How does damage to my hearing happen?
Inside the ear are small, delicate hairs that help conduct the noise that constitutes your hearing. Injury to these hair cells comes from exposure to loud noises, whether sudden or prolonged. Noise from a firearm can damage hearing in an instant if it’s too loud and too close to the ear. More often, however, hunters experience a slow decline in their hearing due to repeated exposure to loud noises that damage the hair cells.
The Silent Hunting Danger
The fall hunting season is a much anticipated time of year for many avid sportsmen and women. It’s also a time when many people unwittingly damage their hearing. You may not realize it, but the noise from a firearm can reach 170dB, which is louder than a jet taking off!
Higher decibels levels — a measurement used to gauge sound — are dangerous and proven to damage hearing. Some explosive sounds, like gunshots, can instantly and permanently damage hearing, but hearing loss from firearms can also take years to show up.
Preventing Hearing Loss
If you shoot a rifle, shotgun or pistol, there are many practical solutions available for protecting your hearing, but the most important is to remember to wear protective hearing devices. A professional audiologist can help you find the right protective hearing devices to protect your hearing health. An audiologist can also measure hearing sensitivity and processing to determine if you’ve already suffered hearing damage.
Before you head out on your next hunt, make an appointment with your audiologist — and be sure to wear the recommended hearing protection every time you’ll be exposed to loud noises!
Hearing Protection Devices
Choose The Hearing Protection That’s Right For You
by Carol Merry Stephenson, Ph.D.
Expandable Foam Plugs
These plugs are made of a formable material designed to expand and conform to the shape of each person’s ear canal. Roll the expandable plugs into a thin, crease-free cylinder. Whether you roll plugs with thumb and fingers or across your palm doesn’t matter. What’s critical is the result — a smooth tube thin enough so that about half the length will fit easily into your ear canal. Some individuals, especially women with small ear canals, have difficulty rolling typical plugs small enough to make them fit. A few manufacturers now offer a small size expandable plug.
Pre-molded, Reusable Plugs
Pre-molded plugs are made from silicone, plastic or rubber and are manufactured as either “one-size-fits-most” or are available in several sizes. Many pre-molded plugs are available in sizes for small, medium or large ear canals.
A critical tip about pre-molded plugs is that a person may need a different size plug for each ear. The plugs should seal the ear canal without being uncomfortable. This takes trial and error of the various sizes. Directions for fitting each model of pre-molded plug may differ slightly depending on how many flanges they have and how the tip is shaped. Insert this type of plug by reaching over your head with one hand to pull up on your ear. Then use your other hand to insert the plug with a gentle rocking motion until you have sealed the ear canal.
Advantages of pre-molded plugs are that they are relatively inexpensive, reusable, washable, convenient to carry, and come in a variety of sizes. Nearly everyone can find a plug that will be comfortable and effective. In dirty or dusty environments, you don’t need to handle or roll the tips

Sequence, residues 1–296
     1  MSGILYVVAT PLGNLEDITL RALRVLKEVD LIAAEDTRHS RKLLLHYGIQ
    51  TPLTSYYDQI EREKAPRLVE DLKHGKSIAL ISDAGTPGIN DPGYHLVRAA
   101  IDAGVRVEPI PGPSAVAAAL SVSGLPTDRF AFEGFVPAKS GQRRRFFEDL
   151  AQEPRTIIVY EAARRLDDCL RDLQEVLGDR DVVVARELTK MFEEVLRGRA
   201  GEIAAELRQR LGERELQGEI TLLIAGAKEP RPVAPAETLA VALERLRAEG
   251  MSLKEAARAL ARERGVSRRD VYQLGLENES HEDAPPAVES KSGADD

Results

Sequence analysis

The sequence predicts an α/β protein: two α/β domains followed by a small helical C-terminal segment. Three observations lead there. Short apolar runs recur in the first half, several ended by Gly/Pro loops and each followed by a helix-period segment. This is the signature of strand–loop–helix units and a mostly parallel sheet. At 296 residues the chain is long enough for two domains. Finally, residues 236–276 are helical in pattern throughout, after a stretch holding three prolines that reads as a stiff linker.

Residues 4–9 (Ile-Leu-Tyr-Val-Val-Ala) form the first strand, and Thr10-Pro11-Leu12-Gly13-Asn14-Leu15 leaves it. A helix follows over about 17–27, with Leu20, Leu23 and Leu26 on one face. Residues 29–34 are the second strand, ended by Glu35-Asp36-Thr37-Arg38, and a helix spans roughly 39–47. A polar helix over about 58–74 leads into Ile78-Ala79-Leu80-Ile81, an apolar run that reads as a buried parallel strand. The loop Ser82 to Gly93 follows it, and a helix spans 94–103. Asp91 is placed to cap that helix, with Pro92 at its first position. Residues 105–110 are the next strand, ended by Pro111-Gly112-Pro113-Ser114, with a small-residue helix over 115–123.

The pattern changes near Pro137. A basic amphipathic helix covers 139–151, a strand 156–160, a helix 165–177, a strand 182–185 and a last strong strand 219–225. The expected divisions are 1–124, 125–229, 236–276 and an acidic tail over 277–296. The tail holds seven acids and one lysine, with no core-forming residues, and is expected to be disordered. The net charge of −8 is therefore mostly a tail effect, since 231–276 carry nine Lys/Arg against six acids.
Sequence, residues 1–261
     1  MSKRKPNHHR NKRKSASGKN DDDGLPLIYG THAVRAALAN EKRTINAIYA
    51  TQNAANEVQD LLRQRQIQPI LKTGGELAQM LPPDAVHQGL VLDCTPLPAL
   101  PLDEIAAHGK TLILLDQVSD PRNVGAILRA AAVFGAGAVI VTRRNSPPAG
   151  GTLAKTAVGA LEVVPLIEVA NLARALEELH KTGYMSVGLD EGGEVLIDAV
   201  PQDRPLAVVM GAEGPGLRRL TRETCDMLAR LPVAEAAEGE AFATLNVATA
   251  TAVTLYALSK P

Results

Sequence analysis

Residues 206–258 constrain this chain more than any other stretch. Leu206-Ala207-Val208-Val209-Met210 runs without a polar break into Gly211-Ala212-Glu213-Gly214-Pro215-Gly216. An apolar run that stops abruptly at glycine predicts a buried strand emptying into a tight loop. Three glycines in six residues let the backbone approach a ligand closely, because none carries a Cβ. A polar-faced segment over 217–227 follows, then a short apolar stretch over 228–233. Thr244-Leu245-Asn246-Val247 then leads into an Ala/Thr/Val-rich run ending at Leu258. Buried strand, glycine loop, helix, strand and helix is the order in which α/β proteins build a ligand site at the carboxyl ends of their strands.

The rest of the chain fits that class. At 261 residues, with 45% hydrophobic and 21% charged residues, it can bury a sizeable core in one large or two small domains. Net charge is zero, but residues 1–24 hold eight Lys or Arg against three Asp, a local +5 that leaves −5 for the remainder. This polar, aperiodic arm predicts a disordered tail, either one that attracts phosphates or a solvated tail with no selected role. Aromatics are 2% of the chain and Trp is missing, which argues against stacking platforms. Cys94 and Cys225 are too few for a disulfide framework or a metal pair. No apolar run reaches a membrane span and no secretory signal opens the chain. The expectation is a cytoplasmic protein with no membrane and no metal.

Canal caps often resemble earplugs on a flexible plastic or metal band. The earplug tips of a canal cap may be a formable or pre-molded material. Some have headbands that can be worn over the head, behind the neck or under the chin. Newer models have jointed bands increasing the ability to properly seal the earplug.
The main advantage canal caps offer is convenience. When it’s quiet, employees can leave the band hanging around their necks. They can quickly insert the plug tips when hazardous noise starts again. Some people find the pressure from the bands uncomfortable. Not all canal caps have tips that adequately block all types of noise. Generally, the canal caps tips that resemble stand-alone earplugs seem to block the most noise.
Earmuffs come in many models designed to fit most people. They work to block out noise by completely covering the outer ear. Muffs can be “low profile” with small ear cups or large to hold extra materials for use in extreme noise. Some muffs also include electronic components to help users communicate or to block impulsive noises.
Workers who have heavy beards or sideburns or who wear glasses may find it difficult to get good protection from earmuffs. The hair and the temples of the glasses break the seal that the earmuff cushions make around the ear. For these workers, earplugs are best. Other potential drawbacks of earmuffs are that some people feel they can be hot and heavy in some environments.
Manufacturers are receptive to comments from hearing protection users. This has led to the development of new devices that are hybrids of the traditional types of hearing protectors. Because many people like the comfort of foam plugs, but don’t want to roll them in dirty environments, a plug is now available that is essentially a foam tip on a stem. You insert this plug much like a pre-molded plug without rolling the foam.
Scientists are developing earmuffs using high-tech materials to reduce weight and bulk, but still effectively block noise. On the horizon may be earplugs with built in two-way communication capability.
Still, the best hearing protector is the one that is comfortable and convenient and that you will wear every time you are in an environment with hazardous noise.